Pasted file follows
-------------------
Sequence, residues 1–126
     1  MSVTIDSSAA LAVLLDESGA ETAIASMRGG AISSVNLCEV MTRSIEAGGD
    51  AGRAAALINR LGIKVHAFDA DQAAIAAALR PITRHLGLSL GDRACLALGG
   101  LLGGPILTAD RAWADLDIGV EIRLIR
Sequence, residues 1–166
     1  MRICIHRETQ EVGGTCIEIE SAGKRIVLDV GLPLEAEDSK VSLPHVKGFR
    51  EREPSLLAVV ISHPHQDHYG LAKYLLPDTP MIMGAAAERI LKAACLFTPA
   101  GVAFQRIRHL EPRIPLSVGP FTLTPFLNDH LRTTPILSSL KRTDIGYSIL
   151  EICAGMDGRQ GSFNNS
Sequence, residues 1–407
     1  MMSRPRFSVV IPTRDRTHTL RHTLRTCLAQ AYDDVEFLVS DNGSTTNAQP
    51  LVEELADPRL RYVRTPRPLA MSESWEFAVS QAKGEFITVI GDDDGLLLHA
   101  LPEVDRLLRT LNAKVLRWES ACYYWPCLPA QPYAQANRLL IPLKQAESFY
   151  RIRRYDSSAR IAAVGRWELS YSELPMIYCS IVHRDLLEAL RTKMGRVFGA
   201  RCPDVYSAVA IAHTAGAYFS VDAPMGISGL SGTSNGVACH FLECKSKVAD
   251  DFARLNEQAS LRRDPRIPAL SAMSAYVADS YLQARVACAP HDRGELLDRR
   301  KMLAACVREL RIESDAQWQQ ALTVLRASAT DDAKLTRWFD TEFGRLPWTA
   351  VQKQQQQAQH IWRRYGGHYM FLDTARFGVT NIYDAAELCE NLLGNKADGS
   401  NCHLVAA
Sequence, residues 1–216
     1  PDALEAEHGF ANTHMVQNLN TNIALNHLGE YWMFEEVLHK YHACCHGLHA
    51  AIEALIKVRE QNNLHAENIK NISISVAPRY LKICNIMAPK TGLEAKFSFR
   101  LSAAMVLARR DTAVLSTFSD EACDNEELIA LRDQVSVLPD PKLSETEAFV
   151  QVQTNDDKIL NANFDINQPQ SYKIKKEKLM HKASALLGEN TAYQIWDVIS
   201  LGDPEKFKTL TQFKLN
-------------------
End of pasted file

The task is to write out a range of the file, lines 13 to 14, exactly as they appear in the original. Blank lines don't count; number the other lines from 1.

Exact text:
   101  LPEVDRLLRT LNAKVLRWES ACYYWPCLPA QPYAQANRLL IPLKQAESFY
   151  RIRRYDSSAR IAAVGRWELS YSELPMIYCS IVHRDLLEAL RTKMGRVFGA